These contradictions did nothing to stop the founder of the Unification Church from turning his religious vision into a worldwide movement and a multibillion-dollar corporation stretching from the Korean Peninsula to the United States.
Moon died Monday at a church-owned hospital near his home in Gapyeong, northeast of Seoul, two weeks after being hospitalized with pneumonia, Unification Church spokesman Ahn Ho-yeul told The Associated Press. Moon's wife and children were at his side, Ahn said. He was 92.
Church officials planned to meet later Monday to discuss mourning and funeral arrangements.
Moon founded his Bible-based religion in Seoul in 1954, a year after the Korean War ended, saying Jesus Christ personally called on him to complete his work.
The church gained fame — and notoriety — by marrying thousands of followers in mass ceremonies presided over by Moon himself. The couples often came from different countries and had never met, but were matched up by Moon in a bid to build a multicultural religious world.
Today, the Unification Church claims 3 million followers worldwide, including 100,000 members in the U.S., Ahn said. But ex-members and critics say the figure is actually no more than 100,000 worldwide.
The church's holdings included the Washington Times newspaper; Connecticut's Bridgeport University; the New Yorker Hotel, a midtown Manhattan art deco landmark, and a seafood distribution firm that supplies sushi to Japanese restaurants across the U.S. It acquired a ski resort, a professional football team and other businesses in South Korea. It also operates a foreign-owned luxury hotel in North Korea and jointly operates a fledgling North Korean automaker.
The church has been accused of using devious recruitment tactics and duping followers out of money. Parents of followers in the United States and elsewhere have expressed worries that their children were brainwashed into joining. The church has pointed out that many new religious movements faced similar accusations in their early years. Moon's followers were often called "Moonies," a term many found pejorative.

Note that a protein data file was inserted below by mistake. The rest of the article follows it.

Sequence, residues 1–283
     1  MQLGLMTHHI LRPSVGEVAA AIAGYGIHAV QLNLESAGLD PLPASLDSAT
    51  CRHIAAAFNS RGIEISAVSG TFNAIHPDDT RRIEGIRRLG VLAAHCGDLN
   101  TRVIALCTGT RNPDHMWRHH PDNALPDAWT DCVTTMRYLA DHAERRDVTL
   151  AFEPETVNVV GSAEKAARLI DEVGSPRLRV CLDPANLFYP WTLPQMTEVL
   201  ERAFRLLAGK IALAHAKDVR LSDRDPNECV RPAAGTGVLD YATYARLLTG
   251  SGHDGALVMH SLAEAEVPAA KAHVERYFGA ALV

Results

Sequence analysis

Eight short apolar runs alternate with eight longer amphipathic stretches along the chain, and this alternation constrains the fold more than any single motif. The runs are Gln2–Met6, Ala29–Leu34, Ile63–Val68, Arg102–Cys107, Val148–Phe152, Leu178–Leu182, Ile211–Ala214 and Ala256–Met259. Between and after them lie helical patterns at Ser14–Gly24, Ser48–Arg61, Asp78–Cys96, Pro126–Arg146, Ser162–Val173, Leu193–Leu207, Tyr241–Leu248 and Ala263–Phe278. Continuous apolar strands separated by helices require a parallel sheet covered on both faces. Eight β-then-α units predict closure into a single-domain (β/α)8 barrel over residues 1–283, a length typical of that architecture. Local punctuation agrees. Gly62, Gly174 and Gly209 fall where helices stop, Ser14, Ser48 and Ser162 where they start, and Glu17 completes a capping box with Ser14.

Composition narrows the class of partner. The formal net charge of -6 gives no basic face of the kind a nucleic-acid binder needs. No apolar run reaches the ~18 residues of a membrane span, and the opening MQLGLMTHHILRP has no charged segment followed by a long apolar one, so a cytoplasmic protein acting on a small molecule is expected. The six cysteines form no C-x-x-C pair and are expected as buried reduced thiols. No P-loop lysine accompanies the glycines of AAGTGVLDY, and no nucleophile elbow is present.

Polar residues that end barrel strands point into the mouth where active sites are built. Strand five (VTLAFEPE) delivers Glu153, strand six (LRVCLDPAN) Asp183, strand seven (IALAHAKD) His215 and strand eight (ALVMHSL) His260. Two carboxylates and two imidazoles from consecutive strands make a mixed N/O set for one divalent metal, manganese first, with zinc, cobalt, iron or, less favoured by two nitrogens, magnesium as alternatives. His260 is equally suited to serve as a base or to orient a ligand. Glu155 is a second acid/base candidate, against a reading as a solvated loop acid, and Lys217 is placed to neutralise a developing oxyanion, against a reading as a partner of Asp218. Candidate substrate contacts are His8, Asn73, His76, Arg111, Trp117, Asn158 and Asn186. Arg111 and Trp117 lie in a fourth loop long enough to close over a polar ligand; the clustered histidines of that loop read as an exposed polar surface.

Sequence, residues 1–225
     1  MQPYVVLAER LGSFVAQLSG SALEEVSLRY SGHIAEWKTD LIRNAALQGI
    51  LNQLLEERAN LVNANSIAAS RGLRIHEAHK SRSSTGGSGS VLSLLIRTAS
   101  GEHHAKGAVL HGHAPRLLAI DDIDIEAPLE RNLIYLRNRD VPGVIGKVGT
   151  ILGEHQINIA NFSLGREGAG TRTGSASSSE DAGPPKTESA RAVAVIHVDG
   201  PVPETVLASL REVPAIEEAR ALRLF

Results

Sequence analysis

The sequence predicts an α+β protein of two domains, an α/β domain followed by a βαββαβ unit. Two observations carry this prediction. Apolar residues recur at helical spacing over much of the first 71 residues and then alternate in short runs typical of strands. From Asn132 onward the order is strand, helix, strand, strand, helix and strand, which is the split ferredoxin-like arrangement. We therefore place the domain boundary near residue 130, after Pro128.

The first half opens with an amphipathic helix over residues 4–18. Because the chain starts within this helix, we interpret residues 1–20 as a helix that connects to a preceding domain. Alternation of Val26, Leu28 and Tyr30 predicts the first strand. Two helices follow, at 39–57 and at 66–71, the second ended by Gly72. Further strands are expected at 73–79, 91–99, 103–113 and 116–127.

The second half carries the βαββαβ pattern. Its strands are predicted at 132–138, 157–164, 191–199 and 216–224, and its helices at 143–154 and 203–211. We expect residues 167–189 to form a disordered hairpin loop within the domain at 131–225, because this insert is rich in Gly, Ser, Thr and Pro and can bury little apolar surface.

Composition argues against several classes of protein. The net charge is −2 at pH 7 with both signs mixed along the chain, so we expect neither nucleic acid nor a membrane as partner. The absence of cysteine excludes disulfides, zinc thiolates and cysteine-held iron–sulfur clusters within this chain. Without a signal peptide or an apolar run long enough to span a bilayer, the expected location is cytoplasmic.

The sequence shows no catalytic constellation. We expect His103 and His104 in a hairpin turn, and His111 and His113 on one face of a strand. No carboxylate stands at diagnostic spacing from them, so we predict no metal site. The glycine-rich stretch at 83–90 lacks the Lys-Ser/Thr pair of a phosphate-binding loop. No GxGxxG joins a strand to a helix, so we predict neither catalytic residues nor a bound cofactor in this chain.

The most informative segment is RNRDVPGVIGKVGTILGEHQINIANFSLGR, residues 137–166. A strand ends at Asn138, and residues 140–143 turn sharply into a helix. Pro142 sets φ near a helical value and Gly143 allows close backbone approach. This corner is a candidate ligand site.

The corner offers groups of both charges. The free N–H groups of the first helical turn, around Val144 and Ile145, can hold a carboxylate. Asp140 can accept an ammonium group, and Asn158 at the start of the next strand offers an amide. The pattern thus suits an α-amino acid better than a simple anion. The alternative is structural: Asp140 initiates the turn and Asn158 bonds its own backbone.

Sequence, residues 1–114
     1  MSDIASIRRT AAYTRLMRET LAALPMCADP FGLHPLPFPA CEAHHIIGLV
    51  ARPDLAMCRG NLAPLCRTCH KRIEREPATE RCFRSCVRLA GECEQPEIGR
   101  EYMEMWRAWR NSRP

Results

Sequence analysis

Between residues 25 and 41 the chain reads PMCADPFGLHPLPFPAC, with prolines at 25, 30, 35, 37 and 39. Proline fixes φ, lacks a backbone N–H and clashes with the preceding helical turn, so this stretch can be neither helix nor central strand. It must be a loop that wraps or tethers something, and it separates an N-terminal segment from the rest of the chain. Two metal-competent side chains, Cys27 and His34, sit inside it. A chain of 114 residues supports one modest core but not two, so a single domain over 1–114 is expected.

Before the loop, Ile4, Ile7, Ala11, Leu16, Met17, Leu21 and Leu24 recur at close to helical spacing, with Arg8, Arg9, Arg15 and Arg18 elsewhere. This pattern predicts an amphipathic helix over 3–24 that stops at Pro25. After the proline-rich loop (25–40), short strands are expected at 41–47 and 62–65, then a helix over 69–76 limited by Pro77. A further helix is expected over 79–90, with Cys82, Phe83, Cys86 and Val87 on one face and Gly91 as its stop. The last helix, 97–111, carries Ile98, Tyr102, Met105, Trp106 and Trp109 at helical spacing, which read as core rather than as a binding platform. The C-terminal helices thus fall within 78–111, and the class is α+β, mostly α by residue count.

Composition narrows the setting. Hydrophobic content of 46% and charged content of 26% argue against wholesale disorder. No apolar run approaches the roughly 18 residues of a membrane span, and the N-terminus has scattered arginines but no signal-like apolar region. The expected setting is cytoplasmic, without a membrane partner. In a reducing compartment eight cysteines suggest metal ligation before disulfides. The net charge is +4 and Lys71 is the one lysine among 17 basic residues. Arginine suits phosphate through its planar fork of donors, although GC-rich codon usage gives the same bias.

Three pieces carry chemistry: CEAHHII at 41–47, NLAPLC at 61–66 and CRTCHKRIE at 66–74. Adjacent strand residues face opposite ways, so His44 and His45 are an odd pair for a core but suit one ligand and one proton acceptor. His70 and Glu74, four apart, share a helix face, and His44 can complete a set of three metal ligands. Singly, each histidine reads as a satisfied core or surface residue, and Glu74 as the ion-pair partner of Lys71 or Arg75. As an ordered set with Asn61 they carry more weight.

Born in 1920 in a rural part of what is today North Korea, Moon said he was 16 when Jesus Christ first appeared to him and told him to finish the work he had begun on Earth 2,000 years earlier. Moon, who tried to preach the gospel in the North, was imprisoned there in the late 1940s for alleged spying for South Korea; he disputed the charge.
When the Korean War broke out in 1950, he fled to South Korea. After divorcing his first wife, he married Hak Ja Han Moon in 1960. They have 10 surviving sons and daughters, according to the church.
In South Korea, Moon quickly drew young acolytes to his conservative, family-oriented value system and unusual interpretation of the Bible. He conducted his first mass wedding in Seoul in the early 1960s, and the "blessing ceremonies" grew in scale over the years. A 1982 wedding at New York's Madison Square Garden — the first outside South Korea — drew thousands of participants.
"International and intercultural marriages are the quickest way to bring about an ideal world of peace," Moon said in a 2009 autobiography. "People should marry across national and cultural boundaries with people from countries they consider to be their enemies so that the world of peace can come that much more quickly."